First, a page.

IRS Agents ‘Accidentally’ Discharged Guns 11 Times, Possible Injuries
June 19, 2013 - 4:19 PM
(CNSNews.com) – Special agents at the IRS accidentally shot their firearms 11 times between 2009 and 2011, and at least three of the cases “may have resulted in property damage or personal injury.”
Agents actually fired their guns accidently more often than they intentionally fired them in the field, according to an audit by the Treasury Inspector General for Tax Administration (TIGTA).
The September 2012 audit examined whether IRS special agents, who execute search warrants for those suspected of violating U.S. tax laws, are being properly trained and reporting incidents when weapons are fired.
“When performing their duties, special agents carry firearms and are authorized to use deadly force to protect themselves and the public,” the report explains.
“Special training agents not properly trained in the use of firearms could endanger the public, as well as their fellow special agents, and expose the IRS to possible litigation over injuries or damages,” it warns.
According to the audit, “there were a total of eight firearm discharges classified as intentional use of force incidents and 11 discharges classified as accidental during FYs 2009 through 2011.” In other words, agents were more likely to accidentally fire their weapon than to fire it intentionally.
Accidental discharges are defined in the report as “instances where a special agent did not intend to discharge the firearm but, either through a voluntary or involuntary action, the firearm did discharge.”
Accidents are supposed to be reported to the National Criminal Investigation Training Academy (NCITA), which manages the firearms training program for the IRS Criminal Investigation unit. However, four of the 11 incidents were not properly reported.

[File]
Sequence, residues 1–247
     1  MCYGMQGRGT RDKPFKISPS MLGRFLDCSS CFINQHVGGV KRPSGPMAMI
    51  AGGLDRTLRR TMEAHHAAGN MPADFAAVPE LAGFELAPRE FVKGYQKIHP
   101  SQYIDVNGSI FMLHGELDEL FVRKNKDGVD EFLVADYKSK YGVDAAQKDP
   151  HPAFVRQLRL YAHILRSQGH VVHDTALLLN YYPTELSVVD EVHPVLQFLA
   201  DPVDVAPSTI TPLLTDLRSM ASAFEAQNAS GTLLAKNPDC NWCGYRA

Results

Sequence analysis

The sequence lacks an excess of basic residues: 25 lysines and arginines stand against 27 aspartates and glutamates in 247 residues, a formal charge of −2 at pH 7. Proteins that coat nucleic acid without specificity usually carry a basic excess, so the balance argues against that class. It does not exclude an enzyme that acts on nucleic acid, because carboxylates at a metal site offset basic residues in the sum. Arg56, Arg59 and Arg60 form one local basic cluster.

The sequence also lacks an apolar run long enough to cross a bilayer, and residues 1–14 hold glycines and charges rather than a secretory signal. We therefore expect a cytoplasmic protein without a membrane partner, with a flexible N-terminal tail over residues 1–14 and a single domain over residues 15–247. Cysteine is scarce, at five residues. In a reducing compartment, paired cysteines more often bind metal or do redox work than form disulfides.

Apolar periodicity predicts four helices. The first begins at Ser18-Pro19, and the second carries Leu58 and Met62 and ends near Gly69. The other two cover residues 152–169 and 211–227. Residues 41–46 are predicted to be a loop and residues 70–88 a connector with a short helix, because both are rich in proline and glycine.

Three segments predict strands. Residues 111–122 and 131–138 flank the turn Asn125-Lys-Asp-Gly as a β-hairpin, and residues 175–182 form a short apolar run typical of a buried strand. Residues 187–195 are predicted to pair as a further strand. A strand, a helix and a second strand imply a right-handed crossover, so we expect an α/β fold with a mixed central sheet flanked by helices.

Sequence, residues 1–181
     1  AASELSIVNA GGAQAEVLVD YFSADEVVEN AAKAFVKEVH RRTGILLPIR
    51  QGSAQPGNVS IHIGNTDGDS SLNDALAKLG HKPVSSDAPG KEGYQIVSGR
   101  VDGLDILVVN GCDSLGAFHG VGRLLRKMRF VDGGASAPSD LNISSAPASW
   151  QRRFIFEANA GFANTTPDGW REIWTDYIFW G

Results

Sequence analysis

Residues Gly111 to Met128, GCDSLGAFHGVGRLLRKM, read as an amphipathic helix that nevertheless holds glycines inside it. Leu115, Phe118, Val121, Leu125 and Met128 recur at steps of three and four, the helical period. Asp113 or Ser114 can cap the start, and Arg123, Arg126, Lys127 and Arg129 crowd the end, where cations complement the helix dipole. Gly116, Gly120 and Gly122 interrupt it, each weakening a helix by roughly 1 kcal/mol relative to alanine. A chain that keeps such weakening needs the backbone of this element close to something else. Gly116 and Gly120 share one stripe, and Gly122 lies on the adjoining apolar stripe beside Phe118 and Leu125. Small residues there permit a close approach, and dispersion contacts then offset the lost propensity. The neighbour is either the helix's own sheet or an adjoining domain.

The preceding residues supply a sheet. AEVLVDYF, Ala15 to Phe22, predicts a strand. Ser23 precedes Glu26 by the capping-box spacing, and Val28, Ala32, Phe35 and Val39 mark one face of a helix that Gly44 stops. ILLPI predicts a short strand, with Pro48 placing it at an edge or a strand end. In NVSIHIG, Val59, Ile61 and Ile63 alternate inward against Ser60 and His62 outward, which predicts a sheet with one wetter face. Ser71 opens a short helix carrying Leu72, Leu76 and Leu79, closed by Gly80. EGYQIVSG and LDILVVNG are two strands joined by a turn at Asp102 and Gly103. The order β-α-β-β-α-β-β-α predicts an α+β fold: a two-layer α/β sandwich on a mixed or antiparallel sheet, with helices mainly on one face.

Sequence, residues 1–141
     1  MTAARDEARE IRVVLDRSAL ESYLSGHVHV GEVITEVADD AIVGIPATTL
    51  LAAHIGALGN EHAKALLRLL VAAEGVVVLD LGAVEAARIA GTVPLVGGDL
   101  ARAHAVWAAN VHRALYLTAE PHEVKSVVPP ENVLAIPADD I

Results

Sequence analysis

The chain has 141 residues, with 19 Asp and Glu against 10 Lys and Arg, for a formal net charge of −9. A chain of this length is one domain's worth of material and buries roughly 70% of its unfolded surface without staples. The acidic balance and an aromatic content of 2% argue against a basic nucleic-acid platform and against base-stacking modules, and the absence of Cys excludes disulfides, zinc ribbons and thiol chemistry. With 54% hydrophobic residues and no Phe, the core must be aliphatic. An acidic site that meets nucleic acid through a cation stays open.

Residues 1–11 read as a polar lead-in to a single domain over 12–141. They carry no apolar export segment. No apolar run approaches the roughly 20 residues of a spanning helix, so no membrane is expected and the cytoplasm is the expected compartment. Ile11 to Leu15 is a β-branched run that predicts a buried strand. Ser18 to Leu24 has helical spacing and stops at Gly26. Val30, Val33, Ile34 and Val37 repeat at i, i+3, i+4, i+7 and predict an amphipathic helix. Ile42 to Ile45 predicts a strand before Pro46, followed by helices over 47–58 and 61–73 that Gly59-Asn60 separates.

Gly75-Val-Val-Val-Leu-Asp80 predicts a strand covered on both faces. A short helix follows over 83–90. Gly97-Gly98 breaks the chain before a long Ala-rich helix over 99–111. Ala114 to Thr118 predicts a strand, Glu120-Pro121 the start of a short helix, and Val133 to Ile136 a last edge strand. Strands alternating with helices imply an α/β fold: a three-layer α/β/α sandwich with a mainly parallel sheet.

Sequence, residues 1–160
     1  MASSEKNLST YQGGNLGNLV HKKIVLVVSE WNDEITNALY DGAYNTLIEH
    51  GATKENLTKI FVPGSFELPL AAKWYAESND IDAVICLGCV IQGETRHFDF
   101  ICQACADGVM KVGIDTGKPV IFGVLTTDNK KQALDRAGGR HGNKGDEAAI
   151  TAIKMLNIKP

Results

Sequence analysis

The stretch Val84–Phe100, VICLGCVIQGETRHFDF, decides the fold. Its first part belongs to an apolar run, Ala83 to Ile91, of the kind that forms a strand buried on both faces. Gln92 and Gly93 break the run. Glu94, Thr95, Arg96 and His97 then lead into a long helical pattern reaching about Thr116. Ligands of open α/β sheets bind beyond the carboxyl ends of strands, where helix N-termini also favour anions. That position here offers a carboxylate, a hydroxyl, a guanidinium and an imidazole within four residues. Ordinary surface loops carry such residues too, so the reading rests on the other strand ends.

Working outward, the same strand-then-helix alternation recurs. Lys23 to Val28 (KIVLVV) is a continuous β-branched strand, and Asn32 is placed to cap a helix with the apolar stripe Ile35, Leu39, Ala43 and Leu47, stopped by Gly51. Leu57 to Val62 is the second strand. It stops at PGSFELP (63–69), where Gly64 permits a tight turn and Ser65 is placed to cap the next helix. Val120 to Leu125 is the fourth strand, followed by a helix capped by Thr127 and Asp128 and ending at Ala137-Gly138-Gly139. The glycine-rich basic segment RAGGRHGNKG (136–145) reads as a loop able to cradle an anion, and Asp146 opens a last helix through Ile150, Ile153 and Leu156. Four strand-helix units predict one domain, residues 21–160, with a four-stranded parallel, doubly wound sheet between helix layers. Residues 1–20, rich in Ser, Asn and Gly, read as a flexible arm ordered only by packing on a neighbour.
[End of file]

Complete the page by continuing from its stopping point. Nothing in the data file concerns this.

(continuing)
“In three of the four accidental discharges that were not reported, the accidental discharges may have resulted in property damage or personal injury,” the report says.
The details on these incidents, however, are redacted from the report.
A TIGTA spokesperson told CNSnews.com that the audit could not disclose the information due to privacy laws.
“It would have identified an individual by name and that’s not allowed under the privacy act,” they said.
Furthermore, the audit details that agents who accidentally fire their guns do not receive special follow- up training.
“We found that the four visited field offices did not always provide remedial training when an accidental discharge occurred due to special agent negligence,” the report said.
The review was performed at field offices in Los Angeles, Chicago, New York and Washington, D.C. between August 2011 and April 2012.
Special agents for the IRS are required to have handgun training four times a year, shoot a minimum of 75 percent on a qualifying test, participate in firearms “building entry” exercises, and attend briefings on safety and how to shoot a gun from a moving vehicle. In addition, they are mandated to receive shotgun training twice a year.
Agents are also now training with AR-15s, according to Rep. Jeff Duncan (R-S.C.), who toured a federal law enforcement facility last month.
“I think Americans raise eyebrows when you tell them that IRS agents are training with a type of weapon that has stand-off capability,” Duncan told Politico. “It’s not like they’re carrying a sidearm and they knock on someone’s door and say, ‘You’re evading your taxes.’”
The TIGTA audit found that the firearms training and requirements for the Criminal Investigation division “generally met or exceeded those of other Federal law enforcement agencies.”
“However, we found that some special agents did not meet all of the firearms training or qualification requirements,” it said.
TIGTA gave several recommendations to the IRS, including that the agency enforce its rules that agents must surrender their firearm if they fail training, or face other consequences.
A spokesman for TIGTA said there are no plans for a follow-up report at this time.
“Typically, we like to give the IRS some time to respond to the recommendations and take action and we usually try to circle back in the future,” they said. “But I don’t think we’ve enacted any specific plans at this point.”